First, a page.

For years, government and commercial operators sought to extend the life of satellites by sending them into orbit with plenty of fuel and components designed to withstand 15 years of harsh radiation. Now, the market is diversifying. Customers want everything from cubesats built for six-month missions to geostationary communications satellites designed to last decades. More
(Source: SpaceNews - May 25)
NEWEST NOAA WEATHER SATELLITE SUFFERS CRITICAL MALFUNCTION - The US National Oceanic and Atmospheric Administration released some bad news today: the GOES-17 weather satellite that launched almost two months ago has a cooling problem that could endanger the majority of the satellite’s value.
GOES-17 is the second of a new generation of weather satellite to join NOAA’s orbital fleet. More
(Source: Ars Technica - May 24)
AMATEUR RADIO TRANSPONDERS ON PLANNED CHINESE SATELLITES TO INCLUDE HF - China’s Amateur Radio Satellite organization, CAMSAT, has released some details of three new Amateur Radio satellites that could be launched as early as September. Two of the satellites, CAS-5A and CAS-6, will carry transponders, and one of them will have HF capability.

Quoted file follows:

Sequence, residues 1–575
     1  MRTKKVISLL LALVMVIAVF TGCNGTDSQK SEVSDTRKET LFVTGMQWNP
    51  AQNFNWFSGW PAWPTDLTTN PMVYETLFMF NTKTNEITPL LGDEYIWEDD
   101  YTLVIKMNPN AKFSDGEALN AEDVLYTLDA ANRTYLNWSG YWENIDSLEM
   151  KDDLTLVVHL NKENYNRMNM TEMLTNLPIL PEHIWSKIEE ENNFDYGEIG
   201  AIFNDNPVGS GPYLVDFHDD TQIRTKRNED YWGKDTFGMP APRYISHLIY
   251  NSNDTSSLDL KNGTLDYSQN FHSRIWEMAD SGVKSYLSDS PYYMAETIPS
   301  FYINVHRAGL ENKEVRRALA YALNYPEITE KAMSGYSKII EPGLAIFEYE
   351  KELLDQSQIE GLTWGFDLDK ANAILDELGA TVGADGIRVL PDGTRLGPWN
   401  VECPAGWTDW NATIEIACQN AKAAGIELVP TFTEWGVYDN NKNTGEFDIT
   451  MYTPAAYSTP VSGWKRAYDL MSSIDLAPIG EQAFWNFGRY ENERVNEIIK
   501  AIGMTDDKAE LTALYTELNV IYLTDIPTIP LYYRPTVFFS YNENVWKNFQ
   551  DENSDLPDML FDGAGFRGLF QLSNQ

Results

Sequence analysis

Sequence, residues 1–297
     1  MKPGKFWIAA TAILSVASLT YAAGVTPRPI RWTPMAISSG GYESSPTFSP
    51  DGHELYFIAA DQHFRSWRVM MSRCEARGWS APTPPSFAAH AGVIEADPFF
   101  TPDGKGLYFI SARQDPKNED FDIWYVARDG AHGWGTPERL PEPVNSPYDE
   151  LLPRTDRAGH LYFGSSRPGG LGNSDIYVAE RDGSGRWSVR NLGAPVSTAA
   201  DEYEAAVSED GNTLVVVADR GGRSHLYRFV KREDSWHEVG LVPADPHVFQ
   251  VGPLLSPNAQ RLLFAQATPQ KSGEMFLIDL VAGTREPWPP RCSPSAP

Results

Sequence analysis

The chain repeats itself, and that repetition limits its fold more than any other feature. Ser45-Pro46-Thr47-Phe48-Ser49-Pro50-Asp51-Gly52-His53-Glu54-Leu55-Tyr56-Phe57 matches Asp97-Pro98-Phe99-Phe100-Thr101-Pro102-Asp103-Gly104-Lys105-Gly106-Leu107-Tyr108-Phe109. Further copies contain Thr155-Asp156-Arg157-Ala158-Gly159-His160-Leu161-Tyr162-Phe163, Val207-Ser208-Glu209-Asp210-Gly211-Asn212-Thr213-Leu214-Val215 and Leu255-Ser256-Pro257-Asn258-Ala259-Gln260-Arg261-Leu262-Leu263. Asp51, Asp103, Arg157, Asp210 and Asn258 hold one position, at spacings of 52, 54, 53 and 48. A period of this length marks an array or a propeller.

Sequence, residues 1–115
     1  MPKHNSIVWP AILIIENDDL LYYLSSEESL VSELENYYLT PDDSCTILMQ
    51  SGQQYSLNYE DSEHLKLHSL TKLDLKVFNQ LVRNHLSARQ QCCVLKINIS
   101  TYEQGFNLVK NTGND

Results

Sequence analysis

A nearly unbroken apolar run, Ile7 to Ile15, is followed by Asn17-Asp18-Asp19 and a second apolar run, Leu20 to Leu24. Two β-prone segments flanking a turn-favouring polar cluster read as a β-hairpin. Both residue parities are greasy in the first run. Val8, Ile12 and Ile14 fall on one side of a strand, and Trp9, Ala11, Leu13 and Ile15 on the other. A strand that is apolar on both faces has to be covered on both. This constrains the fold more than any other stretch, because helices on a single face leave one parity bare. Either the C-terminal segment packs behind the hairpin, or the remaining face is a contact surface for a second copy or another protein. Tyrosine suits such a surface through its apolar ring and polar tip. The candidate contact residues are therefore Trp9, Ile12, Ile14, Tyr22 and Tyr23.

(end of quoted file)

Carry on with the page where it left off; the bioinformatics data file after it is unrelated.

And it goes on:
CAS-5A is a 6U CubeSat. It will an HF/HF (21/29 MHz) mode linear transponder; an HF/UHF (21/435 MHz) mode linear transponder; an HF CW telemetry beacon; VHF/UHF mode linear transponder; a VHF/UHF mode FM transponder; a UHF CW telemetry beacon, and UHF AX.25 4,000/9,600-baud GMSK Telemetry. More
(Source: ARRL - May 23)
RUSSIA TO CREATE ORBITAL INTERNET SATELLITE CLUSTER BY 2025
- Russian Space Systems Company (part of the State Space Corporation Roscosmos) plans to implement a project to create a global satellite communications network, which will require 288 satellites operating in the 870 km orbit by 2025, Company representative and project Head Yuri Mishin said on Tuesday.